With the Fiscal Cliff™ fast approaching — the one the U.S. government went over a long time ago — the kabuki in Washington and its media have largely ignored the effect tax increases will have on the economy. A few Republicans have alluded to the problem, but as I noted a few weeks ago, the conversation has centered on what each group must do to pin blame on the other.
Peter Schiff and Tom Woods have each pointed to the fallacy of the blessings provided by the 91% tax rates of the ’50s. In short, few Americans actually paid those rates, so any benefits supposedly brought on by them must have some other cause. But there’s another component to taxing the rich that should be considered, along with the 91% myth. Taxing the wealthiest members of society ultimately harms the poorest.
Because the wealthy overwhelmingly invest in capital goods — which make the production of consumers’ goods possible — reducing their income will tend to lower the overall amount of capital investment. The effect of diminished capital investment is that fewer consumers’ goods will be brought about, and therefore the standard of living for all income levels will be lower than they otherwise would be.
This will disproportionately affect the poor, who will have to spend a higher percentage of their income on things like food, clothing, energy, etc. While it’s true that wealthy individuals will also have to spend more on these items, they can more easily afford to do this without sacrificing other necessities.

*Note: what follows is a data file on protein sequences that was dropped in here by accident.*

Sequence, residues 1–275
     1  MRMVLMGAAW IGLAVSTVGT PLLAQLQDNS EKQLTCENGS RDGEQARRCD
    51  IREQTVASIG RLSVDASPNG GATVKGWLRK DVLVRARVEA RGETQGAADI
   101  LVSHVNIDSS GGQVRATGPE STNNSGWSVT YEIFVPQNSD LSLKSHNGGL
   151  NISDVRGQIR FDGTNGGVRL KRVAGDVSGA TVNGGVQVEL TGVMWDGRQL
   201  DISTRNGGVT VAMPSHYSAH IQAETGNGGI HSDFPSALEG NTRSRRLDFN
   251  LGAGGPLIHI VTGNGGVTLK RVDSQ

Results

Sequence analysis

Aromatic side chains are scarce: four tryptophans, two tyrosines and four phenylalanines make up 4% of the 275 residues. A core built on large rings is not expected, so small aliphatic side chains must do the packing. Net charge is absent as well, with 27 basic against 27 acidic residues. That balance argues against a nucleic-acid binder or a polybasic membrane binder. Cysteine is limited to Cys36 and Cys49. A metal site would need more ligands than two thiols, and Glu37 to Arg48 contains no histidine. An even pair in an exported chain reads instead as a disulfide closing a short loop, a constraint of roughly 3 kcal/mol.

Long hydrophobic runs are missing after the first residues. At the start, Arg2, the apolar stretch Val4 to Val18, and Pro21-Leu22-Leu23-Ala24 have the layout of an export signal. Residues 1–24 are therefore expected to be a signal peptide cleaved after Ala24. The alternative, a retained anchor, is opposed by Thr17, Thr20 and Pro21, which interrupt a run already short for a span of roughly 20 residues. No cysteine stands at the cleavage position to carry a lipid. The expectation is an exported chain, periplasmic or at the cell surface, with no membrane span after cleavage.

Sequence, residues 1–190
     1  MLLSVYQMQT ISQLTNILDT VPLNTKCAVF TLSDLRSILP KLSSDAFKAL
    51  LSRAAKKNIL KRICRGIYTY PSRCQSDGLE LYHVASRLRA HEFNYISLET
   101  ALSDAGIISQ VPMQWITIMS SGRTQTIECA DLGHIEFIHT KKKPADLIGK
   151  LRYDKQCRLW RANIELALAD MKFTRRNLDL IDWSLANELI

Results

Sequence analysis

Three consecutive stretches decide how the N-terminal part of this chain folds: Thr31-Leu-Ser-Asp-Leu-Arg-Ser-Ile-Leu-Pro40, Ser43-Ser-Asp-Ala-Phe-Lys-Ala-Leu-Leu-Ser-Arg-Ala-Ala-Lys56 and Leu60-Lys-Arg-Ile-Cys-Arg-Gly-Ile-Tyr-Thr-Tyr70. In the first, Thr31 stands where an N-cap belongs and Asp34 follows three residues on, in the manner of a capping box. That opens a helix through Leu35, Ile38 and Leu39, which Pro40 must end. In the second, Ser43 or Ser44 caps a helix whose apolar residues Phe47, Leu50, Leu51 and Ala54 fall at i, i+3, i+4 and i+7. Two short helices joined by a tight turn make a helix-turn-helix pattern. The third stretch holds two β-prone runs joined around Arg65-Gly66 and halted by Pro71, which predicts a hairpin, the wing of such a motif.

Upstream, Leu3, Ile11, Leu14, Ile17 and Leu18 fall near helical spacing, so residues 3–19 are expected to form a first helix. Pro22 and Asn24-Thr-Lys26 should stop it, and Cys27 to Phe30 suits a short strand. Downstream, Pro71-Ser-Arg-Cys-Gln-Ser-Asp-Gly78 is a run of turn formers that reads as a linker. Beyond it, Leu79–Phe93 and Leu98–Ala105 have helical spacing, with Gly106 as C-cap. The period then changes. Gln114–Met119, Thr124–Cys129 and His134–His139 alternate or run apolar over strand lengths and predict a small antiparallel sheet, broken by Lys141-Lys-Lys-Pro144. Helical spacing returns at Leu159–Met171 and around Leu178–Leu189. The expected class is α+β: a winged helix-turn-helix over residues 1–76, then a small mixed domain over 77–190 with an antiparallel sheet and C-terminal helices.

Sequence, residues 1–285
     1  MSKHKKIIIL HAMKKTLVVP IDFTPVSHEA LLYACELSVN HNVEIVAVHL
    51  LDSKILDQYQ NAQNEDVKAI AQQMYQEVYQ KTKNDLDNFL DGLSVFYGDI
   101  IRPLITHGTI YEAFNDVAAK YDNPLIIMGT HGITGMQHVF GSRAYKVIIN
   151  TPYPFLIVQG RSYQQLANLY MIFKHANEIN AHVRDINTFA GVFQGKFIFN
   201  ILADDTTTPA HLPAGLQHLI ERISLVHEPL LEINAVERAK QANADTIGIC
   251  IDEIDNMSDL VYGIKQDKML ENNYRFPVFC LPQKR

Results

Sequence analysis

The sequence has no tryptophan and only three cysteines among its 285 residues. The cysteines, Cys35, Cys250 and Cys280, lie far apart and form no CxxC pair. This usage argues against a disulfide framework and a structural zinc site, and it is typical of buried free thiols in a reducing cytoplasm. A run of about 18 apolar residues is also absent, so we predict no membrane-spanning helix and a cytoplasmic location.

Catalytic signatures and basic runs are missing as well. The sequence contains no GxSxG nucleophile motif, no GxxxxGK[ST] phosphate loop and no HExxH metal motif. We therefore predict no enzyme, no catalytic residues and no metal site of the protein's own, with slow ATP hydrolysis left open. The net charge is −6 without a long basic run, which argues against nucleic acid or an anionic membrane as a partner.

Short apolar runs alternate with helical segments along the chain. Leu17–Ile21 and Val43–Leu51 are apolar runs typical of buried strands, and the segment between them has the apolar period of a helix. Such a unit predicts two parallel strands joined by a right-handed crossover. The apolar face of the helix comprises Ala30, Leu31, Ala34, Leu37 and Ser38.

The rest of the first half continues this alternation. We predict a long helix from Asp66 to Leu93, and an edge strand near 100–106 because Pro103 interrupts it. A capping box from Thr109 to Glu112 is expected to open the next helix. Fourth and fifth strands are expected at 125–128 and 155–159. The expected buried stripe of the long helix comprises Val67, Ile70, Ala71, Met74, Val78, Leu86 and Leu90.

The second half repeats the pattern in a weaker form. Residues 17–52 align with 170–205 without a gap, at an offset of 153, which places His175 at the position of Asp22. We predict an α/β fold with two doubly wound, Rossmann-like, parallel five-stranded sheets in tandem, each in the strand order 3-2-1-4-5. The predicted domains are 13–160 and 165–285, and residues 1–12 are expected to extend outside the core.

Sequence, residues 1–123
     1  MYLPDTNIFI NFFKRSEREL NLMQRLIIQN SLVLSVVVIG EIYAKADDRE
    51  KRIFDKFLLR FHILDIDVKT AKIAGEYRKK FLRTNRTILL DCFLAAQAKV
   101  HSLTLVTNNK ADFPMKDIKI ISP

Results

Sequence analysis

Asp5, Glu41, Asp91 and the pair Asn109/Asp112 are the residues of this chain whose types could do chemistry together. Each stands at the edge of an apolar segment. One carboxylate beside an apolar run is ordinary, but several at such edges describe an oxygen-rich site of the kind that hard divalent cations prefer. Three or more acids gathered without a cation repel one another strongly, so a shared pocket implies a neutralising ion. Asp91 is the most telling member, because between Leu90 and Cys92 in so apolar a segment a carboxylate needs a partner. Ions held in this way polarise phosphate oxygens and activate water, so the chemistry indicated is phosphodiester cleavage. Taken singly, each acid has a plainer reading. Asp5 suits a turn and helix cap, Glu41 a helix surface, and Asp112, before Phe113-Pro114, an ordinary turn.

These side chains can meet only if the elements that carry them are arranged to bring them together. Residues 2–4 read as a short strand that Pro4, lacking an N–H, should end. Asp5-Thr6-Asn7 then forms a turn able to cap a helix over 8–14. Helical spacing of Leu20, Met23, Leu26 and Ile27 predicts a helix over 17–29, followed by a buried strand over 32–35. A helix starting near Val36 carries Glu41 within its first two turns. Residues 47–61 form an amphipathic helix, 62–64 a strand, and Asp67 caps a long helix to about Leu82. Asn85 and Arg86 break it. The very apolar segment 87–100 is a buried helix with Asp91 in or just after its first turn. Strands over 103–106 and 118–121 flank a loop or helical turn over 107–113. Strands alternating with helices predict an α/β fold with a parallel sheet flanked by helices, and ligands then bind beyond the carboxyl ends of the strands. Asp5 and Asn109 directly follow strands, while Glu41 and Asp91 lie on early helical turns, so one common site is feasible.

Consider the price of gasoline. CNN reported last year that the average American spent $368 a month on gasoline, or 9% of their annual income. Decreased investment in gasoline production will mean, all else equal, that prices will stagnate and, in the long run tend to rise, as capital wears out and is replaced at lower rates. This is particularly true as long as global demand for fuel continues to increase. Rising gasoline prices always harm those with lower incomes before they affect wealthy individuals, who have more disposable income with which to spend on transportation.
The same will be true of other industries; lower amounts of capital investment will put upward pressure on prices as demand continues. It’s also important to note that increased capital investment often leads to the lowering of prices, which allow for everyone’s standard of living to improve. Increasing taxes on the rich creates a barrier to this rise in living standards, so for anyone who wants to help the poor, advocating lower taxes for everyone is a sure way.